Writing and Gentleness
“Hopefully you can take some time for yourself,” said my mentor, once my thesis went in. And I smiled and nodded and laughed inside, because please, there’s always something else that needs doing: another story that needs writing, or scheme that needs plotting, or a novel waiting in the docket. I like working. I do better when I’m busy. I do not idle well.
Except I’m very, very tired. One early night turned into two, which turned into a slow week, which turned into sluggish anxiety over everything I want to do and everything I’ve not yet started.
Not writer’s block. Writer’s block usually comes from fear—or an innate problem in the work that hasn’t yet been acknowledged. I’m not scared; I know what I want to write. I know how to do it. A novel’s emerging from the mist and I have five-ish short stories pressing on me. They’re developing themselves very slowly, but the work is good—I know it is.
Except I’m very, very tired.
I couldn’t figure out why. Regular iron supplements have kept me out of anaemia for weeks. For the first time in years, I’m getting sufficient sleep on a regular basis. The cold I was fighting earlier this winter is long gone. I’m happy. Aside from, you know, the whole tired thing.
Then I realized that we’re about midway through December. And I realized it’s the same damn thing that I deal with every year.
I’m pretty sure it’s the quality of light that does it. See, in December, there’s a certain grey slant to the light—especially in the late afternoon. It’s completely unlike the light in November or January. It’s almost funny—in so many ways, we try to divorce ourselves from natural light. Fluorescent bulbs and backlit screens and searchlights probing from the Air Canada Centre. Then December rolls around with its flat grey light and some lizard part of my brain wakes up and says, “Oh. Oh. When the light looks like this, very bad things happen.”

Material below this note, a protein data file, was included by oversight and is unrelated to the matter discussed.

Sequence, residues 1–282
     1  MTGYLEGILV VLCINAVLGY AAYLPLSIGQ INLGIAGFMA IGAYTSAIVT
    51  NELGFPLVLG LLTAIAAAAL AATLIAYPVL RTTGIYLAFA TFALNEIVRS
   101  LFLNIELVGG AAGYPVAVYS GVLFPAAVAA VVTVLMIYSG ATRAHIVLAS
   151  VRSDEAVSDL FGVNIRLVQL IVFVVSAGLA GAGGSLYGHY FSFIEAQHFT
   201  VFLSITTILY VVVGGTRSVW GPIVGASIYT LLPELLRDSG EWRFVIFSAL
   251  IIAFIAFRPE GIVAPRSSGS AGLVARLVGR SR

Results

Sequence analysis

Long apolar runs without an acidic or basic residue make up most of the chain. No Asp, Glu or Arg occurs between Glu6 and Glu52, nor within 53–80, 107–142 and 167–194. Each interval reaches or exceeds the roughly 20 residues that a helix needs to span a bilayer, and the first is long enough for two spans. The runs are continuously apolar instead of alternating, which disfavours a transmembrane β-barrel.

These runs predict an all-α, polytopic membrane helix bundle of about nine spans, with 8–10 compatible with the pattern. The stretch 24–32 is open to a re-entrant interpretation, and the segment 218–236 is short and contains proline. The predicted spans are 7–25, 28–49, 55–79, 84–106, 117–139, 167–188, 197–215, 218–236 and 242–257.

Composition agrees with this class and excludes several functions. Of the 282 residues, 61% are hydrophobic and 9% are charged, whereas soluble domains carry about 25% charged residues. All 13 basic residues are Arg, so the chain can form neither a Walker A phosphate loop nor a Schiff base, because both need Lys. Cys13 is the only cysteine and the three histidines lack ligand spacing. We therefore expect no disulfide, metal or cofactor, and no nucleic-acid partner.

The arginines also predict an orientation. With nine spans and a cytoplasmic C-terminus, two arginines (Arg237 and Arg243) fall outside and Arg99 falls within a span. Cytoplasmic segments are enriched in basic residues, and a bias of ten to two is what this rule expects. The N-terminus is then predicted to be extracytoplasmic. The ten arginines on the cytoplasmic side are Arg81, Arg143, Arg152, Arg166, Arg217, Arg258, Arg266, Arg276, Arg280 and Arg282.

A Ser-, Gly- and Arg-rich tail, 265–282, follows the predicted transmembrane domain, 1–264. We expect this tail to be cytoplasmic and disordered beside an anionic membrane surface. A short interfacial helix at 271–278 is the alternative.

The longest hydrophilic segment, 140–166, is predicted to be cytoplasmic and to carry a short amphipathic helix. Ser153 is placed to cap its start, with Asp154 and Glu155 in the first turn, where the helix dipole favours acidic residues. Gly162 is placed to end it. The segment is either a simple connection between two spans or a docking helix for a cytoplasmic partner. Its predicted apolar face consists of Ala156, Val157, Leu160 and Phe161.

There are other things, too. There’s the weight of the wind, and the way the air smells, and all the seasonal reminders. But mostly, it’s the light.
So, great. It’s the psychological equivalent of an old wound acting up again. Where does that leave me?
A few years ago, I would’ve tried to push through. I would’ve beaten myself up for not writing more, faster, now. I would’ve seethed with self-directed frustration. Now…maybe I’ve mellowed in my old age. Or maybe I’ve just learned a thing or two.
Sometimes, you need to rest. And sometimes, you need gentleness. This is not a race, and you do yourself no favours by charging ahead on an empty tank. For myself—I’ve learned that mid-December is likely never going to be a particularly productive time. And that’s okay. I am human. I am allowed to rest and read Agatha Christie stories and drink hot chocolate and go to bed early. No babies will die if I write those five-ish short stories in two weeks, instead of right now this second.
Besides: my off-season is coming. Better to rest now and then make the best use of my uninterrupted writing time. And yes, there’s a small part of me that cringes at that, feeling like I’m giving up.
But I’m not. I’m looking at the long game.😉
What I’m Listening To This Week
So for everything I just said about taking time for myself, I am very casually and informally turning a novel over in my brain. Nothing beyond general musings and some whiteboard sketching. But, I did find this song, which jolted something loose in the old noggin.
Besides being an Irish dance spectacular, “Lord of the Dance” is a modern hymn borrowing the tune of an earlier one. I heard it once, and it was catchy. I heard it again, and around 1:45, I got slammed with a flood of feeling and images and dialogue that I’m pretty sure is the climax of this story. That seems to be how I plot: flailing about until serendipitous music sets me right.
But oh…oh, I can see my protagonist…